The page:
• Median price of homes for sale in Bishop: $202,675
  • Median rent per month in Bishop: $1,081

Did you know?: 85 seems to be Illinois’s favorite number. Why? 85% of the land in Illinois is covered with fields of corn! Also, 85% of the world’s canned pumpkin also comes from a small town in Illinois called Morton.

See also: Moving to Illinois – Relocation Guide

7. Ohio


With a population of 11.7 million, the state of Ohio has always been notorious for being the swing state during elections. While the state is the tenth most densely populated in the United States with 286 people per square mile, the population growth rate is slowing down. Even though the percentage of the population decline is small and is only being observed in cities like Cleveland, it has been attributed to the residents’ need to move to the states on the sunbelt. You can expect the major cities in Ohio to be the most populated though, which include Columbus, Toledo, Cleveland, and Dayton.

Also nicknamed the Buckeye state because of the large mass of Buckeye trees, Ohio has a lot of perks to offer that explain its place in the top ten of the list. What’s most attractive about Ohio is the affordable housing market which results in a lower cost of living. At the same time, the state has a bustling economy, especially for young professionals.

When it comes to education, even though Ohio isn’t at the top, the schools and universities here provide good quality education. There’s one thing you must note though, and that is the climate. Even though Ohio rarely experiences natural disasters, the overall climatic conditions can be a deterrent for many looking to move here. The winters are intense with blizzards and snowfall while the summers are extremely hot.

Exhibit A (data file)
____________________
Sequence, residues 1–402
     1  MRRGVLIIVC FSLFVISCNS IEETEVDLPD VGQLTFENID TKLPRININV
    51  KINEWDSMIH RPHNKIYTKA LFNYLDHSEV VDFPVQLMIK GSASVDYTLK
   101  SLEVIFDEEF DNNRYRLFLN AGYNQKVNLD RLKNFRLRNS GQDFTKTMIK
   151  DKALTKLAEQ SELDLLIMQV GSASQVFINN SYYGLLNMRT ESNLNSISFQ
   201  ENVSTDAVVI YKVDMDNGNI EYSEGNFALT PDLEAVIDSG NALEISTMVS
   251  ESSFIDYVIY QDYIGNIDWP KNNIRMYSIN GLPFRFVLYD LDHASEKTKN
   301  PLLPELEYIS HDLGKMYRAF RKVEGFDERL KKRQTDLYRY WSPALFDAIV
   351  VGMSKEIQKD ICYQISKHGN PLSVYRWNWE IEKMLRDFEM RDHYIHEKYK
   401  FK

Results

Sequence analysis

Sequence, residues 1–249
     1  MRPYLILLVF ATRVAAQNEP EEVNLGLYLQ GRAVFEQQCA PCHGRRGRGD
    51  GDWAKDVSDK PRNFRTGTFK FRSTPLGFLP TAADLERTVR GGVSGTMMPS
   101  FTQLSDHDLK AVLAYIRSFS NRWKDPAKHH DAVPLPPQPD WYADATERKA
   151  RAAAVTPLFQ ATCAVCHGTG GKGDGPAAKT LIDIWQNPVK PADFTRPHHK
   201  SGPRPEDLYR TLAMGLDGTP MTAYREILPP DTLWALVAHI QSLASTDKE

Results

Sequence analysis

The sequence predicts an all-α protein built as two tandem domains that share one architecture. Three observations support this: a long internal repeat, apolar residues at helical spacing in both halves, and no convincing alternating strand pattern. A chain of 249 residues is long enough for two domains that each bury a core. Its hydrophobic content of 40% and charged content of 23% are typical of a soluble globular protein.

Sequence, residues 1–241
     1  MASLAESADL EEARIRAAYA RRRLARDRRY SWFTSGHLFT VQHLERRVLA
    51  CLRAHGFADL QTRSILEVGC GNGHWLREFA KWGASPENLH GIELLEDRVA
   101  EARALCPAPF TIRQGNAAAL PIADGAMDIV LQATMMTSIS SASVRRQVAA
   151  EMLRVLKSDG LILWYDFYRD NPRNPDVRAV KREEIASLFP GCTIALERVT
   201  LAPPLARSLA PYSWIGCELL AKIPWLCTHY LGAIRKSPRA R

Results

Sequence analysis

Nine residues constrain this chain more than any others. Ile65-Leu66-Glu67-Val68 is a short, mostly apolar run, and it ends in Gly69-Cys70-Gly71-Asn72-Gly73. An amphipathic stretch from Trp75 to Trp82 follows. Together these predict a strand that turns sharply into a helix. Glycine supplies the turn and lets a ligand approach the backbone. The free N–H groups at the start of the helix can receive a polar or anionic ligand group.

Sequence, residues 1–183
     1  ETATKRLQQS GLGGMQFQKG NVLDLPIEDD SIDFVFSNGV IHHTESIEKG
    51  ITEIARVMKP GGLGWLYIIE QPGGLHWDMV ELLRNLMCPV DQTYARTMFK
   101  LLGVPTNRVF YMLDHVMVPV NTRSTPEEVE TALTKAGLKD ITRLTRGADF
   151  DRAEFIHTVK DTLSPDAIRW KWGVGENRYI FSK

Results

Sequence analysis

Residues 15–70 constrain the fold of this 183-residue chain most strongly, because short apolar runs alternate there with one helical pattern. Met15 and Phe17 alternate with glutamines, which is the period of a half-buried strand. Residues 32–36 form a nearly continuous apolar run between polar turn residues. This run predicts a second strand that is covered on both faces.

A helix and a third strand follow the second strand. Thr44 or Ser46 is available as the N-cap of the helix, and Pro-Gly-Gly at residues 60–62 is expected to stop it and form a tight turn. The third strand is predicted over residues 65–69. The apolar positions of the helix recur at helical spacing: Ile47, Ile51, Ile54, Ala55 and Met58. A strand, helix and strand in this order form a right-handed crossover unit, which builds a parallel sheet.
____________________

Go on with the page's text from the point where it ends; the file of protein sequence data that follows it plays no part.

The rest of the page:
• Median price of homes for sale in Ohio: $277,832
  • Median rent per month in Ohio: $972

Did you know?: Ohio’s population explosion was a result of the state’s geographic location. It is conveniently lodged between trade routes that were frequented in the 19th century.

What is the least populated state in the United States?

Wyoming with a tiny population of 578,759 takes the bragging rights for that title.

What state has the largest elderly population?

Maine ranks first when it comes to a population of residents above the age of 65 which is 20.06%.

Also read: Best States to Retire

What state is the best state to live in?

Washington is the undisputed winner here. Data by the US News has shown that Washington gets first place year after year owing to the state’s low crime rates, great economy, education, and quality of life.


While you look at the different states in the United States in terms of population, you will realize that most of these states have been holding those ranks for quite a few years. Even though we notice shifts in the population trends every year, there’s something we can’t deny. It’s the simple truth that people move to and from states when they are tempted by better opportunities elsewhere.

Residents of a particular state relocate for multiple reasons, but mostly for jobs and a better quality of life. And these moves are usually to or around major cities, because of the opportunities, which also comes with the challenges of overcrowding and increasing competition. So, before you look into these states and completely check them off for being highly populated, we suggest you also look at factors like the schooling systems, transportation, and opportunities for growth among others.

See also: Cheap States to Move to | Most Tax-Friendly States in America | States to Start an LGBTQ Family